Trend Watch(11)

From Building Blocks to Blogs

A recent article in UK-based Teachers magazine described an after-school blogging club that includes members as young as 8 years old. The teacher who sponsors the club reports that the prospect of an audience — and the thrill of tracking hits on their sites — has proven as motivating for elementary-age writers as it has been for adults.

Meanwhile, new program KidzLog combines the one-step publishing of Web logs with a kid-friendly interface. Students can use the integrated paint program to create pictures to accompany their posts, and teachers can opt to approve all posts before they're published. (via

Next Generation Scientific Americans

In response to a disturbing report from the National Science Board that the United States has fallen from third place (in 1975) to a startling 17th place in science and engineering degrees earned, Intel and others have stepped up to the plate with a scientist-in-training program. Over 70 K-12 students from the United States and other countries will be participating in an intensive six-week program taught by internationally renowned scientists and featuring rigorous college-level academics including hands-on research projects. The program, for which there were more than 1,000 applicants, is a result of a collaborative effort by Intel, the Research Science Institute, and the California Institute of Technology.

An iPod in Every Pocket

Through a deal with Apple, each of this year's incoming freshmen to North Carolina's Duke University will be treated to his or her own Apple iPod — for keeps. Though the device's most popular use is as an MP3 player, the portable hard drives can also be used for purposes beyond music, including transporting files and accessing campus information and schedules. Administrators are counting on the iPod's cool factor to increase the likelihood of students actually integrating the technology into their daily lives. Will K-12 schools be next to turn to the iPod for a one-to-one computing solution?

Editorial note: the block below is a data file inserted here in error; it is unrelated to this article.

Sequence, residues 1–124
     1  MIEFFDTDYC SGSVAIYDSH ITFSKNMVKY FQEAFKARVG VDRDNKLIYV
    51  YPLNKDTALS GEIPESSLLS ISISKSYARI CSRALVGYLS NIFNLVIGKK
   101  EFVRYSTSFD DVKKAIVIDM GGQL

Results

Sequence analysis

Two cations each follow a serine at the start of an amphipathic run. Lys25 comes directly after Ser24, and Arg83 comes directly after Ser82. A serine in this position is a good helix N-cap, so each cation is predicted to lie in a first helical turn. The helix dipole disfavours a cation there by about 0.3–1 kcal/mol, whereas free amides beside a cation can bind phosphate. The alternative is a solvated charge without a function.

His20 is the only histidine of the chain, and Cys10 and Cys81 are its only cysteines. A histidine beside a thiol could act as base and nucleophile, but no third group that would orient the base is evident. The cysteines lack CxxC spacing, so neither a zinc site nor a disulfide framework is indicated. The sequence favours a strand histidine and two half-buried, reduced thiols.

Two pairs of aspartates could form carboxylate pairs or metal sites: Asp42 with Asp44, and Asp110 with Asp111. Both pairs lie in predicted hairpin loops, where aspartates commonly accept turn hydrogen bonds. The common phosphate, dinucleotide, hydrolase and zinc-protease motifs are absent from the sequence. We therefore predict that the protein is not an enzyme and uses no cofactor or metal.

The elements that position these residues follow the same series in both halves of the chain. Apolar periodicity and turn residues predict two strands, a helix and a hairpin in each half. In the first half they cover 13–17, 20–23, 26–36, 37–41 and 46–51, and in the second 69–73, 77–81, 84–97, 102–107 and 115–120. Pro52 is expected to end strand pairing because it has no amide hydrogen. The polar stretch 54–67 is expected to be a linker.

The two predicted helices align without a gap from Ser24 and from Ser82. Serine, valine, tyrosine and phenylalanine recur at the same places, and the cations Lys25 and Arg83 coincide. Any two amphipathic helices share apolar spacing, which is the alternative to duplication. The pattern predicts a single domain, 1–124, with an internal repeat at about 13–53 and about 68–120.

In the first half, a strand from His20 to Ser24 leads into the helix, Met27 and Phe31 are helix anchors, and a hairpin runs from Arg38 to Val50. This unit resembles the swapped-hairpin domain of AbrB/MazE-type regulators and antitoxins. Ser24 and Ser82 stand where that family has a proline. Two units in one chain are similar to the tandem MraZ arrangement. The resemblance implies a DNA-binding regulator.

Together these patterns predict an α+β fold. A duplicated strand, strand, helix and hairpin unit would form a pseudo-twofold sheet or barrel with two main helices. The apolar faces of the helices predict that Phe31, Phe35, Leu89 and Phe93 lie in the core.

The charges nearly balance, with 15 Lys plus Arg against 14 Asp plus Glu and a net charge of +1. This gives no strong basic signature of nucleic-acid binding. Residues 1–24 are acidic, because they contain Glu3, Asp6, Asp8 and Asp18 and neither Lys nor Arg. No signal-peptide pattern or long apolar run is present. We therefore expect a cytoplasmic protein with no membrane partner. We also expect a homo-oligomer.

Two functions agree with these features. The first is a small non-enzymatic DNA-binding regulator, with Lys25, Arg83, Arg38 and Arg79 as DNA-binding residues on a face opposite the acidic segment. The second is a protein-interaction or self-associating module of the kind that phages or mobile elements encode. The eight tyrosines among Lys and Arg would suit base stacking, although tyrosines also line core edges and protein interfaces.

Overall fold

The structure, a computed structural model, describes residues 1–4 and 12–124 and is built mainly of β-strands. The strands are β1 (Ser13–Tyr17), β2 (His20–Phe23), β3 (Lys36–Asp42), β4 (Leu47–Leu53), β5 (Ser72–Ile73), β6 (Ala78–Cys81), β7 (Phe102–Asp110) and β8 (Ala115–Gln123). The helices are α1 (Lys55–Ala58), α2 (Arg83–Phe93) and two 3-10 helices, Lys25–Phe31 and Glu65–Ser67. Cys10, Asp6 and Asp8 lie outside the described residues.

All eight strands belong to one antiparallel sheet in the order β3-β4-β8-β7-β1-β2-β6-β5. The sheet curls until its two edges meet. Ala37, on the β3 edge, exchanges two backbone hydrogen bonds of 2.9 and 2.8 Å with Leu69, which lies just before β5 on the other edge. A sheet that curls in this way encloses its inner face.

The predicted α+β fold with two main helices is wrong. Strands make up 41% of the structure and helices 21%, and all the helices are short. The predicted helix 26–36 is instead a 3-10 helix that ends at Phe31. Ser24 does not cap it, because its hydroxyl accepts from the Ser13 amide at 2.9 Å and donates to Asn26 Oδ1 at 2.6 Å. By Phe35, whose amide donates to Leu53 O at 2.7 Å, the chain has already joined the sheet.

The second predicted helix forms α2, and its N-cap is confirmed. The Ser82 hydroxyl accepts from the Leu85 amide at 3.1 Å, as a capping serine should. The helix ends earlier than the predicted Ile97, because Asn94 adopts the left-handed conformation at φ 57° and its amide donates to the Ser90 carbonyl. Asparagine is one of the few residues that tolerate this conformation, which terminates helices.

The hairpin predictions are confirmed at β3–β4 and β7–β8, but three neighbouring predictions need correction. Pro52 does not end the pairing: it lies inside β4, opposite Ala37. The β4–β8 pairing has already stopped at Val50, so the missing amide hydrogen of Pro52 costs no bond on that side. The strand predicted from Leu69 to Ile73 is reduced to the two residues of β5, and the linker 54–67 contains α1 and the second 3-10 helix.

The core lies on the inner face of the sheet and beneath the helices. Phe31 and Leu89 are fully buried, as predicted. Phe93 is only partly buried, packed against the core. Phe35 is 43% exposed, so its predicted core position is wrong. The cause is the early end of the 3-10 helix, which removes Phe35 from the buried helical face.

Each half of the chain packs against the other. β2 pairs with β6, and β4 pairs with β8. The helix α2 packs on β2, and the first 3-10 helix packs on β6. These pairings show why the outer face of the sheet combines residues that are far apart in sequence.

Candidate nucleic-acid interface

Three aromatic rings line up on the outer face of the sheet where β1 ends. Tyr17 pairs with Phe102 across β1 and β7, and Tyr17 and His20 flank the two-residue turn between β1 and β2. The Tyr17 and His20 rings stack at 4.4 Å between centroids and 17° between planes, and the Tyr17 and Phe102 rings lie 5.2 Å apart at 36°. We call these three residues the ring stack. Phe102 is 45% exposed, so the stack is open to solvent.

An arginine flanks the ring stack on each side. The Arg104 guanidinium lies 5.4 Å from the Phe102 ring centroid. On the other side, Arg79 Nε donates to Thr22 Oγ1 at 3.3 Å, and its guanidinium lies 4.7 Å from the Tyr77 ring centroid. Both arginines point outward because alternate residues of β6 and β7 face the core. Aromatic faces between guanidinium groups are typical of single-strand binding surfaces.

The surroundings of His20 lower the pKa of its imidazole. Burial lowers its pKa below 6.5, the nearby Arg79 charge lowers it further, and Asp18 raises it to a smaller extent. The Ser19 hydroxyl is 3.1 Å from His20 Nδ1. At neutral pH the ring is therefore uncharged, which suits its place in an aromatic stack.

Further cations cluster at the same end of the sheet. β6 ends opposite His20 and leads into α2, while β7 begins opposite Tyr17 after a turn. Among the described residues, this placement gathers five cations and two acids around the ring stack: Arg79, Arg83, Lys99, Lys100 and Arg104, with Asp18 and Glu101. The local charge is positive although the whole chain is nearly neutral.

Quotations of the Month

"Now, I'm not here to bash a statewide test, but I'm simply saying to you that life is not made up of bubbles and dots: we've got to go much higher, much further, and ask much more of these children...",

"If it doesn't work, I need you to let it go. The way you've taught reading, I need you to let it go. The way you've supervised schools and supervise need to let some of that stuff go because fundamentally it is broken..."

"When I say we are going to take back these 39 schools, people please understand, strap on your leather because we are going to take back these schools."

What's Your Opinion?

Is it appropriate for superintendents such as Dr. Crew to earn an executive-level salary that competes with the business world if they can actually deliver on their promise to turn around a major at-risk school district? Click on T&L QuickPoll and let us know what you think. We'll report your responses on the Back Page.

Dr. Rudy Crew, new superintendent of the Miami-Dade Schools, in a speech recently delivered to the district's principals and assistant principals

Dr. Crew, who was chancellor of the New York City Public Schools from 1995 to 2000, will earn approximately $480,000 his first year on the job, making him one of the highest-paid school leaders in the country.